Action and familiarity effects on self and other expert musicians' Laban effort-shape analyses of expressive bodily behaviors in instrumental music performance: a case study approach
AuthorBroughton, MC; Davidson, JW
Source TitleFrontiers in Psychology
PublisherFRONTIERS MEDIA SA
University of Melbourne Author/sDavidson, Jane
AffiliationFine Arts and Music
Document TypeJournal Article
CitationsBroughton, M. C. & Davidson, J. W. (2014). Action and familiarity effects on self and other expert musicians' Laban effort-shape analyses of expressive bodily behaviors in instrumental music performance: a case study approach. FRONTIERS IN PSYCHOLOGY, 5, https://doi.org/10.3389/fpsyg.2014.01201.
Access StatusOpen Access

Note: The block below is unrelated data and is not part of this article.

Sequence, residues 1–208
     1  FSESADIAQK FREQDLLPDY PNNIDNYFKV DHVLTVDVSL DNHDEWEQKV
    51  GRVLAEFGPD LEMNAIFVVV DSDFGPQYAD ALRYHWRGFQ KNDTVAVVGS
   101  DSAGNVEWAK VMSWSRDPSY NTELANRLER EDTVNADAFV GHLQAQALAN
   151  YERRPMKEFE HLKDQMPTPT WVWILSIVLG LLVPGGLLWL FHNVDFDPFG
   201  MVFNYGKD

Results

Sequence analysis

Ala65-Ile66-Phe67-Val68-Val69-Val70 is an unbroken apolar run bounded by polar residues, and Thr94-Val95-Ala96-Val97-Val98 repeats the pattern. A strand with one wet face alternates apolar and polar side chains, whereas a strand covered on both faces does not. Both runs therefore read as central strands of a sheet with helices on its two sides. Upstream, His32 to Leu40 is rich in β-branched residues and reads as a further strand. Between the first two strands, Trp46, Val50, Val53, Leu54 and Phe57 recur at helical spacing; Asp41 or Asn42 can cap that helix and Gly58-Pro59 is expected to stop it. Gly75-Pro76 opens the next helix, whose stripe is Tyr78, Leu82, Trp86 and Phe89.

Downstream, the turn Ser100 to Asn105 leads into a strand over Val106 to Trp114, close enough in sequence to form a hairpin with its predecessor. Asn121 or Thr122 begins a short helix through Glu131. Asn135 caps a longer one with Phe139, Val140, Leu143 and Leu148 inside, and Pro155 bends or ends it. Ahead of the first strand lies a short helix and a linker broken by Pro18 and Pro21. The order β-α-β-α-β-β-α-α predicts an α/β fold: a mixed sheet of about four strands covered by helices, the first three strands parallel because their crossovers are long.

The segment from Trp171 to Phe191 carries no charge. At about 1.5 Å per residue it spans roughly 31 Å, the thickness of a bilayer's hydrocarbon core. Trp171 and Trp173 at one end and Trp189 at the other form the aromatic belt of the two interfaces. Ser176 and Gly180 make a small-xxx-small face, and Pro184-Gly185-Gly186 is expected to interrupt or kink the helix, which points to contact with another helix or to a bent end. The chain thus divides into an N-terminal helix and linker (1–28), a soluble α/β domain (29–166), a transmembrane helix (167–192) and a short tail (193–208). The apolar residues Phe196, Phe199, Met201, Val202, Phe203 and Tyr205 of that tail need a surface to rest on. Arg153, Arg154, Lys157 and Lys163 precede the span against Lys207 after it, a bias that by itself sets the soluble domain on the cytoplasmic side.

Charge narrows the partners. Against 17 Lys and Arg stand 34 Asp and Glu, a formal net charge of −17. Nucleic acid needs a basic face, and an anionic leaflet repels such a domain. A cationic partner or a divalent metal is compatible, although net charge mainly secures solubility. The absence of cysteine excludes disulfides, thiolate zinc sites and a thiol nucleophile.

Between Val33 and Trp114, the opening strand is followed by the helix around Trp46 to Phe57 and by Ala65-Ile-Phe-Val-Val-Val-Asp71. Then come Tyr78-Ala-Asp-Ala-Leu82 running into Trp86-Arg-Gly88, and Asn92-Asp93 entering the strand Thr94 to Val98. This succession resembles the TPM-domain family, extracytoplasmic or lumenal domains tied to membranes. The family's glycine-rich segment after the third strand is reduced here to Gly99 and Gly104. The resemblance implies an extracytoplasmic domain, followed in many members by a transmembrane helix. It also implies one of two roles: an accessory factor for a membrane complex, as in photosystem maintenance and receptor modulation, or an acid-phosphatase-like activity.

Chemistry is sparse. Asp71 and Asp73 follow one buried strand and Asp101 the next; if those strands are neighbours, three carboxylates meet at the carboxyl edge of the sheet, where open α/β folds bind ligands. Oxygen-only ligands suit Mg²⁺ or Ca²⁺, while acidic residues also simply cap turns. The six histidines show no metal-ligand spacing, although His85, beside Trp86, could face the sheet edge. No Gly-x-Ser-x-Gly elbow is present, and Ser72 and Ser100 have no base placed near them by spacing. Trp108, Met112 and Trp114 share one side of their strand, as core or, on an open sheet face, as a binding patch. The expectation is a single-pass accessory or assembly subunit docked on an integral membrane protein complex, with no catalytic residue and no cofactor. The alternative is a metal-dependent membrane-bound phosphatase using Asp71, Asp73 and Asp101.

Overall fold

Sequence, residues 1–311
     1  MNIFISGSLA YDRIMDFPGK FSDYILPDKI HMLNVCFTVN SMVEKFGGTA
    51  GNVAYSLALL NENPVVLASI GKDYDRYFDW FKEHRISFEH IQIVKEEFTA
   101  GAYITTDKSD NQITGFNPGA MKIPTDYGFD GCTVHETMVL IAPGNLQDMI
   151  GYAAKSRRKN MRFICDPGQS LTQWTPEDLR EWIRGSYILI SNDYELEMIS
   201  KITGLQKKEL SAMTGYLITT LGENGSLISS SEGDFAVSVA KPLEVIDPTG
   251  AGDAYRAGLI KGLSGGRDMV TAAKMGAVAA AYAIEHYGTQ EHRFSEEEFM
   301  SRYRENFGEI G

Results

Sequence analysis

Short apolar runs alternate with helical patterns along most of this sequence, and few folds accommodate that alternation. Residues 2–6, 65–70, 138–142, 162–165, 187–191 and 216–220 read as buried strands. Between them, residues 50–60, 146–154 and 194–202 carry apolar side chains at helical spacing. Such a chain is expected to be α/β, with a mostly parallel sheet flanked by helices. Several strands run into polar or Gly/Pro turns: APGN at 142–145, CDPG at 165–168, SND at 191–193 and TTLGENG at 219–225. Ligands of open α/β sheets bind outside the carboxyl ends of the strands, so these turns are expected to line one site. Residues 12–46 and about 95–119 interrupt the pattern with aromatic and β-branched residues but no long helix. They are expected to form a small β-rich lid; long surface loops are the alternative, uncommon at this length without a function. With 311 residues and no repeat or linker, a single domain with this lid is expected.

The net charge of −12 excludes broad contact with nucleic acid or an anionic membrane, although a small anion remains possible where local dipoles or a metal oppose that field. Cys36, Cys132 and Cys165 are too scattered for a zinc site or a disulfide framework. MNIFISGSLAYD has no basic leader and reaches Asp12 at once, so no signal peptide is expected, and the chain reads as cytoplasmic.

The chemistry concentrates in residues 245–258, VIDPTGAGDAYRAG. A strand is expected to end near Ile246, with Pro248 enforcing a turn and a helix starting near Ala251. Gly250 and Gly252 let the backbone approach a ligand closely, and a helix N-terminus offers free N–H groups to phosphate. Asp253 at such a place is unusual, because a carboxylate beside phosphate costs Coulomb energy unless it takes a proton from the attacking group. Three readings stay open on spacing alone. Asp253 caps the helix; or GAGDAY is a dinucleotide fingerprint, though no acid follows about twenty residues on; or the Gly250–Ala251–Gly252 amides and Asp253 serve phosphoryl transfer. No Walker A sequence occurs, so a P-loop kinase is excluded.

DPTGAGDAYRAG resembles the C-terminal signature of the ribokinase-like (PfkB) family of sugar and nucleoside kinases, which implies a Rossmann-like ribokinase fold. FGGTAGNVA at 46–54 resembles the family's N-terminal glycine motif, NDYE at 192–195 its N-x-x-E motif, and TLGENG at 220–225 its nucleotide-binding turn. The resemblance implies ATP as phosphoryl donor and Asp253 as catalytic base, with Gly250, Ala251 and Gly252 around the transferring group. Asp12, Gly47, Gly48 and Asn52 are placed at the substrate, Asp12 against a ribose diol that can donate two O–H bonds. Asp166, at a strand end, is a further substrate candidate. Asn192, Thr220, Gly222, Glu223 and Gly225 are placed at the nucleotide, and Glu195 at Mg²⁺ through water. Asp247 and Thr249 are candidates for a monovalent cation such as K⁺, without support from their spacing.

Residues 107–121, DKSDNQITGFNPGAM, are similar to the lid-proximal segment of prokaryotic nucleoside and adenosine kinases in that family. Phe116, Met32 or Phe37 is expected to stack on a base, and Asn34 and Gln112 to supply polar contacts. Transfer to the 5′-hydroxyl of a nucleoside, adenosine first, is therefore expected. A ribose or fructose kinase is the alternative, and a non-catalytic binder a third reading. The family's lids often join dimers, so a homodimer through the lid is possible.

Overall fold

Self-reflective performance review and expert evaluation are features of Western music performance practice. While music is usually the focus, visual information provided by performing musicians' expressive bodily behaviors communicates expressiveness to musically trained and untrained observers. Yet, within a seemingly homogenous group, such as one of musically trained individuals, diversity of experience exists. Individual differences potentially affect perception of the subtleties of expressive performance, and performers' effective communication of their expressive intentions. This study aimed to compare self- and other expert musicians' perception of expressive bodily behaviors observed in marimba performance. We hypothesized that analyses of expressive bodily behaviors differ between expert musicians according to their specialist motor expertise and familiarity with the music. Two professional percussionists and experienced marimba players, and one professional classical singer took part in the study. Participants independently conducted Laban effort-shape analysis - proposing that intentions manifest in bodily activity are understood through shared embodied processes - of a marimbists' expressive bodily behaviors in an audio-visual performance recording. For one percussionist, this was a self-reflective analysis. The work was unfamiliar to the other percussionist and singer. Perception of the performer's expressive bodily behaviors appeared to differ according to participants' individual instrumental or vocal motor expertise, and familiarity with the music. Furthermore, individual type of motor experience appeared to direct participants' attention in approaching the analyses. Findings support forward and inverse perception-action models, and embodied cognitive theory. Implications offer scientific rigor and artistic interest for how performance practitioners can reflectively analyze performance to improve expressive communication.
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